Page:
To Repair or not to Repair, that is the question

I own a 2003 Subaru Outback, which I have loved; the problem is that it is getting old and we really need a bigger car - 6-passenger, at least. The car has a few dings on the back bumper and one of the back lights has lost its cover - something to do with a tree and an impatient husband caused that one.

My question is this: if we are going to trade this vehicle in, should we make the repairs? Isn’t it cheaper for a dealership to make these repairs? We probably will not get another Subaru since I am not thrilled with the Tribeca, so will a CarMax or something similar want the repairs made, or will they just do it themselves?

I would just do minor repairs that would annoy a prospective buyer. Major one you will not likely get your money back.

Take it to CarMax and see what they offer you. If you are happy with the offer, take it. If you aren’t going to fix any of the problems yourself, don’t bother.

Excellent, thank you for your responses. I know what Kelly Blue Book says it is worth - we’ll see what CarMax says :slight_smile:

I think I’d fix the tail light lens since that would be a violation but gotta expect some dings in 11 years.

Just curious, but how many miles on the car, what condition do you personally consider the car to be in, and what are your expectations about the monetary value?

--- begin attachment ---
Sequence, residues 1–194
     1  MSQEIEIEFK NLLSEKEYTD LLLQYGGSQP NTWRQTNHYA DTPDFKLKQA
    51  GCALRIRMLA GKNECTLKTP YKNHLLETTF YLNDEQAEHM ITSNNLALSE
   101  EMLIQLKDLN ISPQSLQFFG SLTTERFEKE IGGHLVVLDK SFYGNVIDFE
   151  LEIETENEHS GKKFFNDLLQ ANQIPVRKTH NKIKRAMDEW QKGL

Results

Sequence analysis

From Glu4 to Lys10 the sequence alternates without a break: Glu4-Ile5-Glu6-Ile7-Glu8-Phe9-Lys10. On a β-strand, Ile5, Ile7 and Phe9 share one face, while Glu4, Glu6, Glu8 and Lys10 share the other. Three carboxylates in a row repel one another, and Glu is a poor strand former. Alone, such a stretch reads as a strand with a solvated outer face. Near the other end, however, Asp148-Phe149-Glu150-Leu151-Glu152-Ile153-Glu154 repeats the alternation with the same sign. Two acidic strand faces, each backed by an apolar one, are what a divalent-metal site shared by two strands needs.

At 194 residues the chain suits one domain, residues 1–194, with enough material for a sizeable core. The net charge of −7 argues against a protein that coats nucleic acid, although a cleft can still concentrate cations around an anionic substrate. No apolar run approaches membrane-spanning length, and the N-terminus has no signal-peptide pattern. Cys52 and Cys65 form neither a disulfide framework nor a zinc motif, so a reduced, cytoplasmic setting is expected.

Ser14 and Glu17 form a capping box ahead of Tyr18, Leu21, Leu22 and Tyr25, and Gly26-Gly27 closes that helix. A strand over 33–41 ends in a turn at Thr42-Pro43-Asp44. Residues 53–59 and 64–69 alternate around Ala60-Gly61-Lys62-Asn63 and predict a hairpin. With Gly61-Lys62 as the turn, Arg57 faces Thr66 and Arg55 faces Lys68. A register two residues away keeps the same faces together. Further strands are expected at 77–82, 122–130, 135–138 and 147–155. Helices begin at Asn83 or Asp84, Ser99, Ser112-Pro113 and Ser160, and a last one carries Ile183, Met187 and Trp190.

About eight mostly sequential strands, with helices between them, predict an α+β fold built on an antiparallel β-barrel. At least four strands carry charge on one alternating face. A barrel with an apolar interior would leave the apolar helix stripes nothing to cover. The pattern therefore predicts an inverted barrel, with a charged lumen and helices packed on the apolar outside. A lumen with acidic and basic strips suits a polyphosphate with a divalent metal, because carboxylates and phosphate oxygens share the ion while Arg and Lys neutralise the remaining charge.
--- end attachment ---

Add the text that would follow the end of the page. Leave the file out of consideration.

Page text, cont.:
Quite often, the opinion about condition and value can be very subjective.

I’d fix the tail light since it’s the first thing any buyer will notice and ding you for. Let your husband buy and install it since he’s the one what done broke it. :wink:

Other “dings” probably aren’t worth fixing.

Thanks for the tips on the taillight. I may have to order the part for him, but I know he can install it.

ok4450: my Subaru has just over 96,000 miles; we’re pretty hard on our cars, so I would say fair condition; blue book says about $5000. Does that sound reasonable? Or would that be with the repairs made, do you think?

Is that book price retail, trade in, or private party? Retail is what a dealer can hope to sell it for, not buy it for.

That’s apparently KBB trade-in value.